Performance Indicators of Spanish CSIC Research Institutes

Felix de Moya Anegon. The major European national research councils —Max Plank Society from Germany, Centre National de la Recherche Scientifique (CNRS) from France, Italian’s Consiglio Nazionale delle Ricerche (CNR) or Spanish’s Consejo Superior de Investigaciones Científicas (CSIC)– and science academies from Eastern Europe countries and Asia including China, Russia (Russian only) or Ucrania have highly complex institutional structures consisting of tens or hundreds of research institutes with diverse scientific missions. From a scientometric point of view, the characterization of such institutional complexity demands the use of performance indicators that go beyond global structures and put the focus on each institute, research center and research laboratory that make up these scientific organizations.

With this in mind, this post starts up a series of posts devoted to characterizing the research activity carried out at national research councils and science academies all over the world, through scientometric methods and from an agglutinative perspective. The following table (in PDF format) shows scientometric indicators of research output, impact and collaboration related to Spanish’s CSIC research institutes, based on Elsevier’s Scopus database. Its main goal does not consist in making a ranking table of CSIC centers, but to highlight some of the differential characteristics involving the research outcomes achieved by these institutes.

In order to show value trends, the table includes three consecutive 5-year periods (2003-2007, 2004-2008 and 2005-2009). Ranking criteria is the output of institutions during the period 2005-2009. Also, the institutes are color-marked to indicate which ones have Normalized Impact values higher than CSIC NI average, which overpass Spanish NI average and which ones fall below.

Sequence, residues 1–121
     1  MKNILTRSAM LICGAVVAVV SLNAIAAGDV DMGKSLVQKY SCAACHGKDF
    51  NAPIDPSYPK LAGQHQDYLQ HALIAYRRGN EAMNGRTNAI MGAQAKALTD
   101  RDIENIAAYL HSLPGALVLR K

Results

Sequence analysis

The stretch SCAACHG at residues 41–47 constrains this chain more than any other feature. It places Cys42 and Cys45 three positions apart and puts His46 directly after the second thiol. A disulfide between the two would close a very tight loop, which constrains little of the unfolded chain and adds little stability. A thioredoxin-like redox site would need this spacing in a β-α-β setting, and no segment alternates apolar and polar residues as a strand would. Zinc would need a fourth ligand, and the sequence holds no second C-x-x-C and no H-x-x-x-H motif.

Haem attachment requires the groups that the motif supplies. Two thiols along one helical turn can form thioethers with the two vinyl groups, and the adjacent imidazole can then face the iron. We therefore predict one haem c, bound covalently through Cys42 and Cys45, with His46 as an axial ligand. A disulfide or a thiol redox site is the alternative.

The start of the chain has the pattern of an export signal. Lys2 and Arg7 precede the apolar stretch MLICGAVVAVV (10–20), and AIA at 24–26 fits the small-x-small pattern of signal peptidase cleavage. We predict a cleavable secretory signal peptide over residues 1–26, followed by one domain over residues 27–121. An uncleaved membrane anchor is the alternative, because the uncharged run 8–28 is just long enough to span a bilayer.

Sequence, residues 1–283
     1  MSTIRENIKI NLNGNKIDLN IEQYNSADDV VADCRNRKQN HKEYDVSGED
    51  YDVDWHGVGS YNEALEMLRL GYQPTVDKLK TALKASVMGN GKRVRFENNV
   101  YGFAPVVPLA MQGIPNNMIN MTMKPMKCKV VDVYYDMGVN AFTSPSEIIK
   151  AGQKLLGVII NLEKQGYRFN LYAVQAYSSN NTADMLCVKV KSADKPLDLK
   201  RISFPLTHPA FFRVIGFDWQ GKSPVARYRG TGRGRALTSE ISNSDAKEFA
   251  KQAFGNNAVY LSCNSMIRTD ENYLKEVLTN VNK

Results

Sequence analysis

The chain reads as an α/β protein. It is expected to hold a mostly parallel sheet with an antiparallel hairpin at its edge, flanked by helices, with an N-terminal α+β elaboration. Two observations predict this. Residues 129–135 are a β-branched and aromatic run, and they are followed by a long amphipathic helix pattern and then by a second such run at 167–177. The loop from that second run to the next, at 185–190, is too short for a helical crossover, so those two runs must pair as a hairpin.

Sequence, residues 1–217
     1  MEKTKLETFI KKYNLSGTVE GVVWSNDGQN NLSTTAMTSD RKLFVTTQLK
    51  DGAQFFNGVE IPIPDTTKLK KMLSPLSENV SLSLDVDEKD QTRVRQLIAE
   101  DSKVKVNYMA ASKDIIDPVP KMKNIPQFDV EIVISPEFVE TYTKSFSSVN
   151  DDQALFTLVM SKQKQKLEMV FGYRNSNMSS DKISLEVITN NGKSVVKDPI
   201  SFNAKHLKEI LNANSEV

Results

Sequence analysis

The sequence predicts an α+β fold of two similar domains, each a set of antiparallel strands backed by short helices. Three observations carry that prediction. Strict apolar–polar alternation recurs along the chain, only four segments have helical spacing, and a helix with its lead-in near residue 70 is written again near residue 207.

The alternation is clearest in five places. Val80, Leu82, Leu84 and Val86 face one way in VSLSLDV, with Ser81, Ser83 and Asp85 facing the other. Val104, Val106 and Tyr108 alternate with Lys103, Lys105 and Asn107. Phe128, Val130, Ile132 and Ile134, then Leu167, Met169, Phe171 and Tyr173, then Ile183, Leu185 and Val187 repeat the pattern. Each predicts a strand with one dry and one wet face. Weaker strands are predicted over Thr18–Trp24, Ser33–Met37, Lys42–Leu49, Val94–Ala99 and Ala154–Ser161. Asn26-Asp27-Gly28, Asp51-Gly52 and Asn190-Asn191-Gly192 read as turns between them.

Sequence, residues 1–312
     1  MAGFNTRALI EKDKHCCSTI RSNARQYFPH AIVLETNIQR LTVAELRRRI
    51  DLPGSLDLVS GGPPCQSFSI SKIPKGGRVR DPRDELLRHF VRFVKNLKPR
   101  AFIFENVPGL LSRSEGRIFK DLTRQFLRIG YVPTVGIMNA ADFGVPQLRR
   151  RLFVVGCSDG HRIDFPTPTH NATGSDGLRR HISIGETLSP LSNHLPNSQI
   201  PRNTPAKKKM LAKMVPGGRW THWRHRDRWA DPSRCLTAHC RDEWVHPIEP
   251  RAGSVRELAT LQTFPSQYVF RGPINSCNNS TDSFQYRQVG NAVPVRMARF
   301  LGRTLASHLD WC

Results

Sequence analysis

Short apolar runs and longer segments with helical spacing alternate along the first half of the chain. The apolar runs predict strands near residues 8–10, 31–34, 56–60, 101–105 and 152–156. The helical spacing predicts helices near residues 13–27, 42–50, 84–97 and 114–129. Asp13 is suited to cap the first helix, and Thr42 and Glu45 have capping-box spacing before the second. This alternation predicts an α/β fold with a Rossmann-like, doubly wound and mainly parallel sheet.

Beforehand, to help put the information in the table into context, we include here the same indicators referred to CSIC entire institution and to Spain. CSIC represents 15.3% of the total Spanish research output:

CSIC Output % IC NI % Q1
2003-2007 35,429 47.8 1.4 69.9
2004-2008 38,665 48.6 1.4 69.5
2005-2009 41,929 49.4 1.4 68.7
SPAIN Output % IC NI % Q1
2003-2007 230,731 33.3 1.1 49.3
2004-2008 252,422 33.9 1.1 48.4
2005-2009 273,482 34.8 1.1 47.8

The indicators exposed are the following:


The output or number of scientific papers published in scholarly journals reveals the ability of an institution to produce scientific knowledge. Output values are affected by institution sizes and research profiles, among others factors. The Output indicator forms the basis for more complex metrics. At co-authored publications a score is assigned to each contributing institution through the author’s institutional address.

International Collaboration IC(%)

This indicator shows the ability of institutions to create international research links through the output ratio that has been produced in collaboration with foreign institutions. The values are computed by analyzing the institution’s output whose affiliations include more than one country address.

Normalized Impact NI

Normalized Impact scores indicate the scientific impact that institutions have over the scientific community. In order to obtain a fair measurement of such impact, its calculation removes the influence due to institutions’ size and research profile making it ideal for comparing research performance. Normalized Impact values show the ratio between the average scientific impact of an institution and the world average impact of publications of the same time frame, document type and subject category. The values are expressed in percentages and show the relationship of the institution’s average impact to the world average, which is 1, –i.e. a score of 0.8 means the institution is cited 20% below world average and 1.3 means the institution is cited 30% above world average. Normalized Impact is computed using the methodology established by the Karolinska Intitutet in Sweden where it is named “Item oriented field normalized citation score average”. The long name used is because the normalization of the citation values is done on an individual article level. Further information on the methodology at Bibliometric Handbook for Karolinska Institutet .

High Quality Publications Q1(%)